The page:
Wild bats sleeping

A Community Effort to Monitor Chicago’s Bats

Aerial view of Lincoln Park with coordinates of wildlife spottings

Purpose

Since 2018, the Urban Wildlife Institute has partnered with local volunteers on a community science project to monitor bat species activity in Chicago.

About

Since 2018, the Urban Wildlife Institute has partnered with local volunteers on a community science project to monitor bat species activity in Chicago. Bats use ultrasonic (higher than human hearing) echolocation to navigate their environment. One method to study bats is to record those calls, which are unique to each species. As part of a region-wide collaboration among several conservation organizations, community scientists collect bat acoustic data using a standardized protocol that consists of walking with an iPad and ultrasonic microphone on set paths (transects) that traverse key urban habitats, such as city parks, cemeteries, golf courses, forest preserves, and residential areas. These data provide zoo researchers with invaluable species-specific information about where bats are and aren’t living in the city while volunteers learn about local bat ecology, acoustic monitoring, and bat call identification.

Why Study Bats?

Bats are facing many threats, such as white-nose syndrome, a devastating fungal pathogen that has more than a 90 percent mortality for some species. At the same time, urbanization continues to expand, increasing the amount of human-altered habitat and overlap between humans and bats, which can lead to conflict. Bats are a critical part of the ecosystem; each bat is estimated to eat more than 1,200 insects in a single night. And although bats are known to inhabit urban areas, we know very little about what habitat factors influence their distributions in cities.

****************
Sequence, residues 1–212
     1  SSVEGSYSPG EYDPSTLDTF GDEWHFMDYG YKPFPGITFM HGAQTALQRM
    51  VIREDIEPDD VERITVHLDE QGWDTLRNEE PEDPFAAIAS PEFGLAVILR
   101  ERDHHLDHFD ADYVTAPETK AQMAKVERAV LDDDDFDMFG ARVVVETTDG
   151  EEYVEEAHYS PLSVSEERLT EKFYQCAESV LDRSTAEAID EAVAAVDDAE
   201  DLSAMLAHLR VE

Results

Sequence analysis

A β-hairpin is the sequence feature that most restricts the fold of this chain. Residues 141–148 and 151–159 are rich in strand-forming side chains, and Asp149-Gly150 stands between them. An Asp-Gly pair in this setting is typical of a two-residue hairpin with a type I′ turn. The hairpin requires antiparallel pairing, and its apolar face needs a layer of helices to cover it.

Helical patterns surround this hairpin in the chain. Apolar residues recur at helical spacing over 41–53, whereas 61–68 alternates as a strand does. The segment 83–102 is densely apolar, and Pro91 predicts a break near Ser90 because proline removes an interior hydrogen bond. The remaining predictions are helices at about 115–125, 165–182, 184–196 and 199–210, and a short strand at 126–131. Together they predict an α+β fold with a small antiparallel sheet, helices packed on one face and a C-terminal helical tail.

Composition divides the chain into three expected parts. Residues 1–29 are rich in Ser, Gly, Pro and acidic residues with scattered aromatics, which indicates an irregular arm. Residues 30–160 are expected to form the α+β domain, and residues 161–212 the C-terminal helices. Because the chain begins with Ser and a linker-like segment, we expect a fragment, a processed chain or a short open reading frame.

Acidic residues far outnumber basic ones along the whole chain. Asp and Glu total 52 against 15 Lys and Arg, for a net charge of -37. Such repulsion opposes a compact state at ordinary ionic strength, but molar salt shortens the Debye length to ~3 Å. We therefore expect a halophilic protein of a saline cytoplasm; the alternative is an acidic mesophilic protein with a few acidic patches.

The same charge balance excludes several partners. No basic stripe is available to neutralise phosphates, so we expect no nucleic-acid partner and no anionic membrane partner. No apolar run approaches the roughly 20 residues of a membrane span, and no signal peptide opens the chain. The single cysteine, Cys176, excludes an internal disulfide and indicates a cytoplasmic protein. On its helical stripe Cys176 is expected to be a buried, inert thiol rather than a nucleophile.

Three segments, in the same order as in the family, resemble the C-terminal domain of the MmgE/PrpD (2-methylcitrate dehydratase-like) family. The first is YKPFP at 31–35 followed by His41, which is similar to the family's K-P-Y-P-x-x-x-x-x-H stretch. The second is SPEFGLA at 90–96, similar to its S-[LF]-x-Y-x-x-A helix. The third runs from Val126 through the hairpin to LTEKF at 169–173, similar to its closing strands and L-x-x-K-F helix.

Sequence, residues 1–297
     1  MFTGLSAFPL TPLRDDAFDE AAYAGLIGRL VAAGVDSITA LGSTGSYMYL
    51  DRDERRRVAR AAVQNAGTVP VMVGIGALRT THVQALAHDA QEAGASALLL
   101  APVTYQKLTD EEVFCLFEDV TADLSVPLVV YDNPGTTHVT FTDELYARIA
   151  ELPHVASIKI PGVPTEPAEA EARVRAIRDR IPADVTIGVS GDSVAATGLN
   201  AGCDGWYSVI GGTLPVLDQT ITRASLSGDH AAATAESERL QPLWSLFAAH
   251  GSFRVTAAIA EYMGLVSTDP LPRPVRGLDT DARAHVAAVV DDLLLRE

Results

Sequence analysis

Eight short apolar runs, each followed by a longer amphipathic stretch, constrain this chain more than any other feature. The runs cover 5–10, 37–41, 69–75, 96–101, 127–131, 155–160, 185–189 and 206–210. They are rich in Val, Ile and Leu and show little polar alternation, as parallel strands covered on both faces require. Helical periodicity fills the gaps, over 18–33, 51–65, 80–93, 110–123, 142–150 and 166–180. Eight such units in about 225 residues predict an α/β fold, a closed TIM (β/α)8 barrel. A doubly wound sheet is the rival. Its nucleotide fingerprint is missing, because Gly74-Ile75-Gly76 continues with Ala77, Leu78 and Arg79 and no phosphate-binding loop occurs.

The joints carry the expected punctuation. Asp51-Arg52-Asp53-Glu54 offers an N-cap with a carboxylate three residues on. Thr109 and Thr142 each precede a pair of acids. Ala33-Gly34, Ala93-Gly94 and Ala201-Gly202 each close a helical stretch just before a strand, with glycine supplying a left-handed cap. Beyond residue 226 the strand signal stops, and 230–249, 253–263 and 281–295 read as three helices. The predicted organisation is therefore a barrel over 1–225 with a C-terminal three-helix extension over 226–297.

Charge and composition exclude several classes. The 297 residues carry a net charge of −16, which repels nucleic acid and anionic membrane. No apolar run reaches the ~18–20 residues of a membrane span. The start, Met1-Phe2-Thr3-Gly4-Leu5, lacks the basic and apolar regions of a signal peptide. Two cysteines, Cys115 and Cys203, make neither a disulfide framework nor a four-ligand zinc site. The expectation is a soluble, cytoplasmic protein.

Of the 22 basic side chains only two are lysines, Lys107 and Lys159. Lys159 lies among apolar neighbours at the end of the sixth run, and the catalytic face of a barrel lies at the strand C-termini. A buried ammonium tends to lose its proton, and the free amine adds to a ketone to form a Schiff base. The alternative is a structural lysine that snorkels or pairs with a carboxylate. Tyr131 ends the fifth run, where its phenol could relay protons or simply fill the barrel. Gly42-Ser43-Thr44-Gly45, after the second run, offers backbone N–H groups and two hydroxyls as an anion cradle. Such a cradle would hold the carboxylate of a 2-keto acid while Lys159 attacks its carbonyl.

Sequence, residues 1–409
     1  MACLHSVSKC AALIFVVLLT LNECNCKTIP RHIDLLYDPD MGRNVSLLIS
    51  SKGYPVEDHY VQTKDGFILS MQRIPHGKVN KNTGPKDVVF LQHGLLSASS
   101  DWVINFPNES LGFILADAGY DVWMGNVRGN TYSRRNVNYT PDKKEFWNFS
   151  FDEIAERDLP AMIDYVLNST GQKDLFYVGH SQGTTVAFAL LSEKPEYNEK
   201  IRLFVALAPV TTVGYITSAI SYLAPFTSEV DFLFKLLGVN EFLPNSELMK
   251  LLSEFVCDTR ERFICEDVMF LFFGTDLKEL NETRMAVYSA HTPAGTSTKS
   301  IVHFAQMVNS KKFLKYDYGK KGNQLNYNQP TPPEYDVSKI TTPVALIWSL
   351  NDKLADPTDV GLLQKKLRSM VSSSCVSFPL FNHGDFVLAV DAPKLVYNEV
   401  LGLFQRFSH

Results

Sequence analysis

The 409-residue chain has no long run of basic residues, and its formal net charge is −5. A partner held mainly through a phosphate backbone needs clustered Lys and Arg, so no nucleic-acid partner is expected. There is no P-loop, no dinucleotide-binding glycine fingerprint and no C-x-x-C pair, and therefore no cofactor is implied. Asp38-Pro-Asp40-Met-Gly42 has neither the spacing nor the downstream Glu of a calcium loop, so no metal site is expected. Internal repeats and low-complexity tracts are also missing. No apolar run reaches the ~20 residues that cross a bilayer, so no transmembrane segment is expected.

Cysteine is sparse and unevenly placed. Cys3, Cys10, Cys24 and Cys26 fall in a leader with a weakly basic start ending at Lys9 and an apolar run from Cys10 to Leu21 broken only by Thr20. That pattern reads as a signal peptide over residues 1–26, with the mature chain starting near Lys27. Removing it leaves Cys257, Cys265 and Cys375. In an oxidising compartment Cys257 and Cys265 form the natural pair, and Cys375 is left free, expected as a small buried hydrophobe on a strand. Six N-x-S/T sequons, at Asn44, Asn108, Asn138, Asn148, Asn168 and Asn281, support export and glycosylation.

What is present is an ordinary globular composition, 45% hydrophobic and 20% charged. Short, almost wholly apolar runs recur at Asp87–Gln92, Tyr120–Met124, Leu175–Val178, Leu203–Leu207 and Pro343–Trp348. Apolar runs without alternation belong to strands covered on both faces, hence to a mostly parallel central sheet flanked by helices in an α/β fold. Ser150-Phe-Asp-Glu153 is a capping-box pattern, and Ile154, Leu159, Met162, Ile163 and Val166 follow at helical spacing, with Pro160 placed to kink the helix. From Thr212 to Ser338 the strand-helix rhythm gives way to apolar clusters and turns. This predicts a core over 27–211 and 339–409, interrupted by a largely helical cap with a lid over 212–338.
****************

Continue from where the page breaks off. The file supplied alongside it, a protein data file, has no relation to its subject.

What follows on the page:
To make cities more friendly to bats, researchers need more information about how bats are using urban habitat at more locations. With the help of community scientists, the Urban Wildlife Institute can monitor for bats at more locations than ever before, and contribute data to a regionwide monitoring effort.

Staff

Seth Magle, Ph.D.
Director
Urban Wildlife Institute
Liza Watson Lehrer, M.S.
Assistant Director
Urban Wildlife Institute
Mason Fidino, Ph.D.
Quantitative Ecologist
Urban Wildlife Institute